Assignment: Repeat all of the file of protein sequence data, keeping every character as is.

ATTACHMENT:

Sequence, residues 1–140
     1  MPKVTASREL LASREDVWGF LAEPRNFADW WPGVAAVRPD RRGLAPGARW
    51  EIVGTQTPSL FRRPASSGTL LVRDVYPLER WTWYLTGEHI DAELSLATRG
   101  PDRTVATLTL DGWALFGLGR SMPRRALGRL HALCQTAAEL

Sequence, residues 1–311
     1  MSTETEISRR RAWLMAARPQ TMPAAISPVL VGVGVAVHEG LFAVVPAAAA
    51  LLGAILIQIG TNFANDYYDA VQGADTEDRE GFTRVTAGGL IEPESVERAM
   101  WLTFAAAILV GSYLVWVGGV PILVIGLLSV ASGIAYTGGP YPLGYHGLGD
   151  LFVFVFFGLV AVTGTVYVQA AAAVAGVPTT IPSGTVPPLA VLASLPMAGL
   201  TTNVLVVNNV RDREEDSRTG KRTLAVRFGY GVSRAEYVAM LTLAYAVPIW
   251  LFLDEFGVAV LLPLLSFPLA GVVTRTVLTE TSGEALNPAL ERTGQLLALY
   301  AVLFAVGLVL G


Sequence, residues 1–140
     1  MPKVTASREL LASREDVWGF LAEPRNFADW WPGVAAVRPD RRGLAPGARW
    51  EIVGTQTPSL FRRPASSGTL LVRDVYPLER WTWYLTGEHI DAELSLATRG
   101  PDRTVATLTL DGWALFGLGR SMPRRALGRL HALCQTAAEL

Sequence, residues 1–311
     1  MSTETEISRR RAWLMAARPQ TMPAAISPVL VGVGVAVHEG LFAVVPAAAA
    51  LLGAILIQIG TNFANDYYDA VQGADTEDRE GFTRVTAGGL IEPESVERAM
   101  WLTFAAAILV GSYLVWVGGV PILVIGLLSV ASGIAYTGGP YPLGYHGLGD
   151  LFVFVFFGLV AVTGTVYVQA AAAVAGVPTT IPSGTVPPLA VLASLPMAGL
   201  TTNVLVVNNV RDREEDSRTG KRTLAVRFGY GVSRAEYVAM LTLAYAVPIW
   251  LFLDEFGVAV LLPLLSFPLA GVVTRTVLTE TSGEALNPAL ERTGQLLALY
   301  AVLFAVGLVL G